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The 5 Best Cameras Under $500 - Summer 2024 Reviews

Updated May 01, 2024 at 09:05 am
Best Cameras Under $500

There's no denying that photography can be an expensive hobby. Cameras that retail for under $500 brand-new are a rare breed, and of course, with smartphone photography becoming more and more impressive by the year, sticking with the camera you already have in your pocket is usually the most cost-effective option. That said, there's nothing like the feel of a camera in your hands, and the lenses available for interchangeable-lens cameras can open up your creative options considerably. So, while most cameras are a financial commitment, you aren't totally out of luck with budget options. Of course, especially price-conscious buyers who are willing to forego the latest camera tech and features can find used models on eBay or at retailers like AdoramaB&H Photo Video, KEH, or MPB.

We've bought and tested over 100 cameras, and below, you'll find our top camera recommendations under $500. If you're just starting in photography, check out the best beginner cameras we've tested.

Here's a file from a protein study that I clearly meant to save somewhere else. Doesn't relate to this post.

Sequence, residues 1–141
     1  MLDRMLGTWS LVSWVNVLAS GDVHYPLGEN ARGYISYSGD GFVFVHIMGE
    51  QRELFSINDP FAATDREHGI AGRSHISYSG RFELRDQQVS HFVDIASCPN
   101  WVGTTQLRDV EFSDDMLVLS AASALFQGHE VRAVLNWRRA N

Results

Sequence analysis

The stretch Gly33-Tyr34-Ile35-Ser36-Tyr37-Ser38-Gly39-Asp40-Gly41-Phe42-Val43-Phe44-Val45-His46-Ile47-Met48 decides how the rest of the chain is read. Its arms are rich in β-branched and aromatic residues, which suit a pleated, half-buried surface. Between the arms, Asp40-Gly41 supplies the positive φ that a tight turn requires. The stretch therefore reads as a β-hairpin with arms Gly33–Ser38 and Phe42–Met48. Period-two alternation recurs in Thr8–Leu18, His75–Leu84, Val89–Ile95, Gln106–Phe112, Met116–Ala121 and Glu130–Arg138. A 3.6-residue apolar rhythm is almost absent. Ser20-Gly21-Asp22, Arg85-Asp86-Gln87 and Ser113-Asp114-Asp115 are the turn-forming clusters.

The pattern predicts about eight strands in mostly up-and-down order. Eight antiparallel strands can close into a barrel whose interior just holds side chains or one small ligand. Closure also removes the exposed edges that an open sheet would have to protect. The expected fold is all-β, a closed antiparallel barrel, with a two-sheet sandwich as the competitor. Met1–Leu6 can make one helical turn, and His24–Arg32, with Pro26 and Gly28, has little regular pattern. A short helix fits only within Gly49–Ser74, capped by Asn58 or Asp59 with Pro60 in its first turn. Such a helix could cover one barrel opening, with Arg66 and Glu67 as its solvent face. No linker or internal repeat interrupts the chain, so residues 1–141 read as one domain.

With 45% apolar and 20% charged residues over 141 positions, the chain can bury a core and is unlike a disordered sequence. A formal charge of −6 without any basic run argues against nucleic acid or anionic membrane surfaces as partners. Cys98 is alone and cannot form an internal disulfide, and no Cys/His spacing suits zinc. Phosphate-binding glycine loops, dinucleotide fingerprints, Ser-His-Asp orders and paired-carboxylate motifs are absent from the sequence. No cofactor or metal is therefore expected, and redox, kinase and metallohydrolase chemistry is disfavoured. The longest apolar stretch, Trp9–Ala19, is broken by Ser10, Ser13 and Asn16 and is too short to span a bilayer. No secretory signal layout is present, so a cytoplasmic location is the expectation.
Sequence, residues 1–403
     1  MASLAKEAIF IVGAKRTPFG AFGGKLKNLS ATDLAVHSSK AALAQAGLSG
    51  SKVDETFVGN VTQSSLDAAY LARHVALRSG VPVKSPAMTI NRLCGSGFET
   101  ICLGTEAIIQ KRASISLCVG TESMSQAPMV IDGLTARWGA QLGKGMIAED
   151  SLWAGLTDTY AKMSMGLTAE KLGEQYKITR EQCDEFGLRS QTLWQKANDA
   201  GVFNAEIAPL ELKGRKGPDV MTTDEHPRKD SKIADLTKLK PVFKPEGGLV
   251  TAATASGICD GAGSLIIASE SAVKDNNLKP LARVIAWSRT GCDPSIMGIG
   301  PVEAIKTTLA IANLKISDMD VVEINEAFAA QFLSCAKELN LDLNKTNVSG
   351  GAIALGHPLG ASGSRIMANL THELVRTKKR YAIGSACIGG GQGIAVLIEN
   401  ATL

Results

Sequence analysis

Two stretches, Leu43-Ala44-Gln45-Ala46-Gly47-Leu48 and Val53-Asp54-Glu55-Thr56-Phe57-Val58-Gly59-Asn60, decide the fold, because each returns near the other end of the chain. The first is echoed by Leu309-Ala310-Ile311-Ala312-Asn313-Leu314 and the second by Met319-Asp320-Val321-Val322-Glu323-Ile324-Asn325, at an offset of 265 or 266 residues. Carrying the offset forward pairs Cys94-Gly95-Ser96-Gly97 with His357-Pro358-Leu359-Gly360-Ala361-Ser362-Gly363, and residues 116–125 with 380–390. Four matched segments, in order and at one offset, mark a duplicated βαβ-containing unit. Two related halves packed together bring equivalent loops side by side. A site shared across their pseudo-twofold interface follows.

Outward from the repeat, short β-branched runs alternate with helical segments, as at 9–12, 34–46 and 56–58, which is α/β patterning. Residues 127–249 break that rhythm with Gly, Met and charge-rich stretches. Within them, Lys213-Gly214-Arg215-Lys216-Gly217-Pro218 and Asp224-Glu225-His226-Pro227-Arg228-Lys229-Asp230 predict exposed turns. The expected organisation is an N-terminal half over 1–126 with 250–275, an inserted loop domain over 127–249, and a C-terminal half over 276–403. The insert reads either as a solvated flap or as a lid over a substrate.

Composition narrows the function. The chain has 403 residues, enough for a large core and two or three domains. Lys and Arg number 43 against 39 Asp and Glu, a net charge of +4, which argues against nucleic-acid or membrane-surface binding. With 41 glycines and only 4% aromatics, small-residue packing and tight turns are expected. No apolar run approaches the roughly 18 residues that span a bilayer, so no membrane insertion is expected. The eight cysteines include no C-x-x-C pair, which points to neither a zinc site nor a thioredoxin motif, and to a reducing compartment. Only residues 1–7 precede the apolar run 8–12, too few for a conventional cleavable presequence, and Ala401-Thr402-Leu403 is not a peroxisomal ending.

1. Best Camera Under $500

    A budget of under $500 won't get you too far in today's camera market unless you decide to buy used, but it will get you a Canon EOS Rebel T7/2000D. This simple DSLR from 2018 is the best camera that you can still buy new for under $500. Part of Canon's entry-level Rebel lineup, the T7 is a good option for beginner photographers thanks to its simple design and intuitive menu system. It may have a more rudimentary autofocus system than mirrorless alternatives like the Canon EOS R100 below, but this camera is built around a high-resolution APS-C sensor that can capture excellent images, especially when paired with a good lens.

    At this price point, you can naturally expect a cheaper, more plasticky build quality compared to pricier models like the Canon EOS Rebel T8i/850D, and you won't get features like 4k video capability or an articulated screen. For the money, however, the T7 is a great starter camera. There's also a wide stable of compatible EF and EF-S lenses to choose from if you outgrow the kit lens or want to try different photography styles. If you're willing to stretch your budget, you can also consider some of the best cameras under $1,000.

    See our review

  2. Best Mirrorless Camera Under $500

    If you're set on a mirrorless camera, the Canon EOS R100 is one of the few new options worth considering at this price point. While it's pretty bare-bones compared to more expensive models, with a fixed screen that lacks touch functionality and limited 4k video capabilities, this is one of the rare modern mirrorless cameras that's actually accessible to budget consumers. With a solid 24-megapixel sensor at its core and a simple user interface with plenty of auto and creative shooting modes, this is a solid starter camera for the money. Since it's part of the RF mount system, you can also easily upgrade to a better body down the line.